Offsite construction is part of a gradual move toward a more manufacturing-based process in the construction industry. As specifiers and designers may already know, construction productivity has lagged other industry sectors tracked globally for some time, all but flatlining since the 1970s (For more information, read “Reinventing Construction: A Route to Higher Productivity,” published in February 2017 by McKinsey Global Institute). In comparison, other sectors have seen nearly three times the growth, with manufacturing, specifically, approaching four times the growth in productivity.
This is, partly, because other industries have changed their processes to take advantage of technological developments. Though there have been upgrades both to worker safety and materials, the method of delivering commercial construction has largely not changed since the 1960s (Consult “The History of AIA Contract Documents” by the American Institute of Architects [AIA] at www.aiacontracts.org/contract-doc-pages/21531-the-history-of-aia-contract-documents and “Preservation Construction: Design-Build Versus Design-Bid-Build,” a 2010-master’s thesis by Nicholas Michael Patrick for University of Georgia.).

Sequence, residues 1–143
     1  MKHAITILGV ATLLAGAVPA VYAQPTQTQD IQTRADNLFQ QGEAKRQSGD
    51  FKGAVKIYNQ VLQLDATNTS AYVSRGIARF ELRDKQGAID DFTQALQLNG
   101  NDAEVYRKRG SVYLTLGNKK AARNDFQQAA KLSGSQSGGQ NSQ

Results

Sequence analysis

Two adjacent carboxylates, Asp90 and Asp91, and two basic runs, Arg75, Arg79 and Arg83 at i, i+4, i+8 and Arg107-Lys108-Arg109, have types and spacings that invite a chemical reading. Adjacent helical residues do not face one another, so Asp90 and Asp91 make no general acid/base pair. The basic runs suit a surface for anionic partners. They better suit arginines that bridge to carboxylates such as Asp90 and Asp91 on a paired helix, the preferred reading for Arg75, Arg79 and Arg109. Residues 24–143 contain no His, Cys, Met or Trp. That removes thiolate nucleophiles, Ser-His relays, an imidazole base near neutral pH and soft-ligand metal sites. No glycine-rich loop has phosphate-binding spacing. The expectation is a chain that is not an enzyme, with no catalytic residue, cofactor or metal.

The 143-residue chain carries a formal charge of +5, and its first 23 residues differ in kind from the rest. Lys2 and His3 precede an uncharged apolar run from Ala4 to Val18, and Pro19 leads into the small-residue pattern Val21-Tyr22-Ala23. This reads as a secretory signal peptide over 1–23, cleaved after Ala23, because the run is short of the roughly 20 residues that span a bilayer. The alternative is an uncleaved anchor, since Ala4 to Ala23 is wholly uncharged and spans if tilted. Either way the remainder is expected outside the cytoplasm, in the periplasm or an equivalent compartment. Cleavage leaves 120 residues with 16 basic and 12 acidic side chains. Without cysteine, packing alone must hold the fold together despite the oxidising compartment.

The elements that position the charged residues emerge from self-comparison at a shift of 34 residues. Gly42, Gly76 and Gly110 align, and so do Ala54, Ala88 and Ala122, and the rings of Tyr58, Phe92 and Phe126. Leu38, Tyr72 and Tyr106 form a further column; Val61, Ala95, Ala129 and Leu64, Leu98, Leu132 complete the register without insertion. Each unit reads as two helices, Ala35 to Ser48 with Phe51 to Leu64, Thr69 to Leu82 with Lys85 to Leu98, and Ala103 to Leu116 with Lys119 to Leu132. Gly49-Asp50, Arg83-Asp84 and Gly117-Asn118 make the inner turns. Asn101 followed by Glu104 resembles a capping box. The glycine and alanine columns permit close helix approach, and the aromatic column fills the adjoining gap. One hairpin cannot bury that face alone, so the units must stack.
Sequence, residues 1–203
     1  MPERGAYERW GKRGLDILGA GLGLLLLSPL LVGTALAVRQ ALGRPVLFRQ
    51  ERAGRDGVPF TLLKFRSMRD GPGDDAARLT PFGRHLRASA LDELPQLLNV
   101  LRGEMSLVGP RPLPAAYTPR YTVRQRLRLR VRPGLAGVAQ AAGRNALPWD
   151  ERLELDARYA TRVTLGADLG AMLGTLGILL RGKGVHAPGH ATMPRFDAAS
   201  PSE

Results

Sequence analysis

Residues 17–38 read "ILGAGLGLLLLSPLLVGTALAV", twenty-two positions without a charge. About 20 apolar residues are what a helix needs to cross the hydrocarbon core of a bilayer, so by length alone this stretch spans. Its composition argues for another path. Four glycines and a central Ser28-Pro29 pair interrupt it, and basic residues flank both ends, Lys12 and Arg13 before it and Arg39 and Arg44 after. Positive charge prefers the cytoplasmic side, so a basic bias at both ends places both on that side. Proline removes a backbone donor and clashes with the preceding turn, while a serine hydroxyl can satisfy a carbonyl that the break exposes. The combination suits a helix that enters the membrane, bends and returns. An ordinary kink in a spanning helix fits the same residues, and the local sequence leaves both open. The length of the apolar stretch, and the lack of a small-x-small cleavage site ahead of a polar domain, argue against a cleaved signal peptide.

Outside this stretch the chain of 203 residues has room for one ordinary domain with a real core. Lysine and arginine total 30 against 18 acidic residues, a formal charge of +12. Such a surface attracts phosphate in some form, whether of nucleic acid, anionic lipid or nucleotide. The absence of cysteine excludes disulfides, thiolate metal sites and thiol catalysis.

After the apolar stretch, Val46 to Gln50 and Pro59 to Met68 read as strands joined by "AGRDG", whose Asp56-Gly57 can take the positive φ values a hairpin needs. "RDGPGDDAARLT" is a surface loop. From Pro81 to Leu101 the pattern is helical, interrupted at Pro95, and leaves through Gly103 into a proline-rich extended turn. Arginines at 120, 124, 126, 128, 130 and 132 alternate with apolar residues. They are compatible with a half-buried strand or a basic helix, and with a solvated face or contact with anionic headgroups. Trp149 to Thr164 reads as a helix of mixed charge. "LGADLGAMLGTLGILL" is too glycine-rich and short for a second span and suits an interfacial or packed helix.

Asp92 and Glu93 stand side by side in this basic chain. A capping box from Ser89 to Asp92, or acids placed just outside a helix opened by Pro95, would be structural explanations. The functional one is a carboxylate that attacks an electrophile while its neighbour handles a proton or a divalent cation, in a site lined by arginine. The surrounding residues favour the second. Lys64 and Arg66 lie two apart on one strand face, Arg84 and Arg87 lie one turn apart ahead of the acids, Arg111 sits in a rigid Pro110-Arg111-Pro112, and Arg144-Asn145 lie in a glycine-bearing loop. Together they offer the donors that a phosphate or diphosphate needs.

Offsite construction promises to reverse some of this trend, by allowing significant amounts of building construction to be performed in a controlled environment, and depending on project needs, on a near assembly-line basis. This provides benefits for worker safety and comfort, and for ensuring materials and resources are consistently available to the project team. It also allows for parallel work, with needed onsite work being performed at the same time as assemblies are prepared offsite.
Greg Ceton, CSI, CDT, recently spoke with representatives of different offsite firms and organizations about this method of delivery, what it requires from users, and the implications for specifications, product selection, and project delivery. Find out what he discovered by reading his blog, “Specifying Offsite Construction,” on the CSI website.